Posted on: September 17, 2010 12:03 pm
Edited on: September 17, 2010 12:09 pm
Posted by Tom Fornelli
When it comes to recruiting high school players, coaches are always looking for new ways to gain an advantage on their competition. After all, recruiting can be the life blood of a successful program and is essential to long-term success. With new changes in technology and the way people can easily communicate with each other, there are plenty of new avenues for coaches to try and connect with recruits and give them a look at what life is like at their schools.
Which is why you see so many coaches with Twitter accounts these days. Les Miles is one of the many coaches around the country that have a Twitter account, but he also can now say he has something that no other coach does. His own app .
With the release of the LSU Football-Miles Method app, prospective student-athletes can now get a deeper look into the Tiger program via Apple. The app, made available on Sept. 16, will offer highlights, video and messages on the football team. It will also feature a stream from Miles on Twitter and Facebook.
With the release, LSU became the first collegiate program to offer content and video on the team through an iPad app.
Just like Miles, the app comes without an internal clock.
Seriously, though, this is actually a rather smart move by LSU and Miles. One that I'm sure a lot of schools are going to start doing themselves in the very near future and utilize it as much as possible before the NCAA undoubtedly makes them illegal.
That mean ol' NCAA, never letting anybody have any fun.
Posted on: September 9, 2010 9:44 am
Edited on: September 9, 2010 9:47 am
Posted by Chip Patterson
Patrick Peterson entered the season as a preseason pick as one of the best defensive backs in the nation. After his performance in LSU's season opener against North Carolina, it is not hard to consider him one of the best football players in the nation.
Peterson was so good returning kicks and punts, it would not be surprising to see teams stop kicking to him. He set a school record with 257 total return yards on punts and kicks, and his 87 yard punt return touchdown was the sixth-longest in school history. If teams do stop kicking to him, how would the Tigers utilize that explosiveness? Simple, use him on offense.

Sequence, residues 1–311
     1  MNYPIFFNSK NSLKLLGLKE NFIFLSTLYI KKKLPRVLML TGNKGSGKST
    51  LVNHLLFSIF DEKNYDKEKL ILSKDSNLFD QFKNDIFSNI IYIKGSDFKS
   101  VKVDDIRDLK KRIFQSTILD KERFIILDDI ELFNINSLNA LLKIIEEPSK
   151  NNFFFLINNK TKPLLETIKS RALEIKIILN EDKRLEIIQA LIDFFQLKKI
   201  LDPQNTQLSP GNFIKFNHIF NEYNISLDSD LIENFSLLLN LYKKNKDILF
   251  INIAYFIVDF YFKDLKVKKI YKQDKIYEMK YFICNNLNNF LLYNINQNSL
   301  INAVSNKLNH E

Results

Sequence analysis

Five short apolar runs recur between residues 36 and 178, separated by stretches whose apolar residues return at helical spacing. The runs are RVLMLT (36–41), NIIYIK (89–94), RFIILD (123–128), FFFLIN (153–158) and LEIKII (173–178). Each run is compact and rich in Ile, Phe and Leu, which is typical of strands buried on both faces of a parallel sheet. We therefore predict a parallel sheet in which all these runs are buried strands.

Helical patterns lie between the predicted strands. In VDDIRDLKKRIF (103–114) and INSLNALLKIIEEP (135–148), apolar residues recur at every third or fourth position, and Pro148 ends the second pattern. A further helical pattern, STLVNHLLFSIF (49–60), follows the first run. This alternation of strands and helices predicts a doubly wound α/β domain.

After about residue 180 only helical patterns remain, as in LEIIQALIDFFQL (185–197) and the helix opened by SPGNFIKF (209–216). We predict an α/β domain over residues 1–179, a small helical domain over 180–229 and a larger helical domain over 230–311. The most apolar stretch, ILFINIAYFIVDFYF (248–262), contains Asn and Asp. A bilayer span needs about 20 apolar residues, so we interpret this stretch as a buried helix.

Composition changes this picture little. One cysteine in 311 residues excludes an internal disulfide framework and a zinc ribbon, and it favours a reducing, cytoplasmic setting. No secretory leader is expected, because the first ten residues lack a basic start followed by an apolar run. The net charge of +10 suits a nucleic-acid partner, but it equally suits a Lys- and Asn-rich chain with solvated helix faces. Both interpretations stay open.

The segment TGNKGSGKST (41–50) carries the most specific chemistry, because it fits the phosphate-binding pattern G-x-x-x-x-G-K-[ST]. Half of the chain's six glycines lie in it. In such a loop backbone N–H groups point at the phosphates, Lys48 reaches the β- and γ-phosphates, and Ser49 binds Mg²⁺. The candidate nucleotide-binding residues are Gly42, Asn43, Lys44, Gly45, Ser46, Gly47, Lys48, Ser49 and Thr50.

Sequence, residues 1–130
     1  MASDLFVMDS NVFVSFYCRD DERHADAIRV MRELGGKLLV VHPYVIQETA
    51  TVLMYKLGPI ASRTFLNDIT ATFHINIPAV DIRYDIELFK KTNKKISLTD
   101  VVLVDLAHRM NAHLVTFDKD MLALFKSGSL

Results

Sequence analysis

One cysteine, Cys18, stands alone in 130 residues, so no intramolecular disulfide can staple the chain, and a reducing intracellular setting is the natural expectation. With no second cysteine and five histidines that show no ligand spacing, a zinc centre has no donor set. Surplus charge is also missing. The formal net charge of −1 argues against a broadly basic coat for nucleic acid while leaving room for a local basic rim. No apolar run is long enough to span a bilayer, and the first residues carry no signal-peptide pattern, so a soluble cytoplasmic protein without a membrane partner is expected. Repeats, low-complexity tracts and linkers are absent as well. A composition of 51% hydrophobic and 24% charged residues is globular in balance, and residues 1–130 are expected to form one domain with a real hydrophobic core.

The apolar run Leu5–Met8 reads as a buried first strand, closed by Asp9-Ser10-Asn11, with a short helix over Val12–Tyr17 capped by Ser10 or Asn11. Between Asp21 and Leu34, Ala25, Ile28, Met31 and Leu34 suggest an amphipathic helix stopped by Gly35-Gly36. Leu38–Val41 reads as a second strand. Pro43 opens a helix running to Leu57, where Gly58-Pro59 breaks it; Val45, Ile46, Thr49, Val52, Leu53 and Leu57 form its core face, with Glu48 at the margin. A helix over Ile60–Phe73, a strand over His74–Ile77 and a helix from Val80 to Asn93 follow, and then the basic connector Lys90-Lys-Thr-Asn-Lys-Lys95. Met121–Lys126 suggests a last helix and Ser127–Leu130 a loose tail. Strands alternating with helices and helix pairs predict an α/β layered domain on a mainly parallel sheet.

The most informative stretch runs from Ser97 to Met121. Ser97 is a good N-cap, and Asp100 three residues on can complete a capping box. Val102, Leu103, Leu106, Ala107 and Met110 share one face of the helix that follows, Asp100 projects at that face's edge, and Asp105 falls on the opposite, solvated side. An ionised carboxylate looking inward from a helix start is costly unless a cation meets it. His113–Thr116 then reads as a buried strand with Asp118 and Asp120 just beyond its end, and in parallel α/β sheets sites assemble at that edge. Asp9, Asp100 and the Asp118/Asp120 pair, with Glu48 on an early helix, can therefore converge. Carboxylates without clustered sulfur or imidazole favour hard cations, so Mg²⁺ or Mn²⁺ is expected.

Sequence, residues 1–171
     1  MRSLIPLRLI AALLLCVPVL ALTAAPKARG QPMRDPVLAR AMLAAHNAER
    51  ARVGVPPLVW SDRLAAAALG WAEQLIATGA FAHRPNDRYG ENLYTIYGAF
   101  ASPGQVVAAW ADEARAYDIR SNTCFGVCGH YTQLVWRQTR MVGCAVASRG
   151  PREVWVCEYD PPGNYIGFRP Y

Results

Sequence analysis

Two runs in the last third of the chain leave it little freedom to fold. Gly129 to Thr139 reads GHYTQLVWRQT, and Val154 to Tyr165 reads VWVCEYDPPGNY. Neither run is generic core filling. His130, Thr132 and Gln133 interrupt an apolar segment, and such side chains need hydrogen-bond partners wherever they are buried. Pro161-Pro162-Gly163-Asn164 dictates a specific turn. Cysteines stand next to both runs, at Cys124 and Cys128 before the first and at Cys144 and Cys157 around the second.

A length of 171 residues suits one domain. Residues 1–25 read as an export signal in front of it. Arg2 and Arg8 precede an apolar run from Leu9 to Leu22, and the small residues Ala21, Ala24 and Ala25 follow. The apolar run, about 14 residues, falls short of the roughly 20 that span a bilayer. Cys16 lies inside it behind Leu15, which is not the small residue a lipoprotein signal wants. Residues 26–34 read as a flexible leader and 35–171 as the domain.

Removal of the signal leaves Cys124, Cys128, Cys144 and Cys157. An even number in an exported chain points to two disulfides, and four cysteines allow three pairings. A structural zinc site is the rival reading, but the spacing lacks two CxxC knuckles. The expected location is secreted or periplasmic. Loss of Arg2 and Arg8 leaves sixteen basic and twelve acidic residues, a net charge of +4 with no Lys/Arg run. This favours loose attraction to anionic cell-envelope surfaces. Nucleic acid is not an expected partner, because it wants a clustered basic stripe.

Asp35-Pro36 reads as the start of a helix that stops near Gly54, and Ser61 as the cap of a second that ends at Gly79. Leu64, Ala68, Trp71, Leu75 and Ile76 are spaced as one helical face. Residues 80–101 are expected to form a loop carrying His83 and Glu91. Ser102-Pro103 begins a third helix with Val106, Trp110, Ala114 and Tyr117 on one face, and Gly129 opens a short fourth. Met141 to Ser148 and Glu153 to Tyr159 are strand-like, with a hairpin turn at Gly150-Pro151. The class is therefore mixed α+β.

According to head coach Les Miles, they are not ruling out that possibility.
"We would consider using him on offense," Miles said. "The issue is the number of snaps and what you are going to get out of him at a key time on defense. The opportunity to keep him on the field and play in crunch time on the defensive side in the back end of the game also certainly has priority.
"We have thought about that. We're not ready to commit to that with the idea that his number of snaps will be a great number as we go forward."
Utilizing Peterson on offense, even if only as a decoy for some packages, would help stretch out a defense and allow quarterback Jordan Jefferson to move in the pocket to make a play. Put him on a well-blocked end around, and you can go ahead and add six to the scoreboard for the Bayou Bengals. Despite scoring 30 points, LSU's offense was not impressive against the Tar Heels. They were held scoreless in the second half by a defense that was missing seven starters due to eligibility issues. If those offensive woes continue, Peterson might be the energizer to end them.
For more breaking news and analysis follow us on Twitter @CBSSportsNCAAF or Subscribe to our RSS Feed
Posted on: September 5, 2010 12:04 am
Posted by Adam Jacobi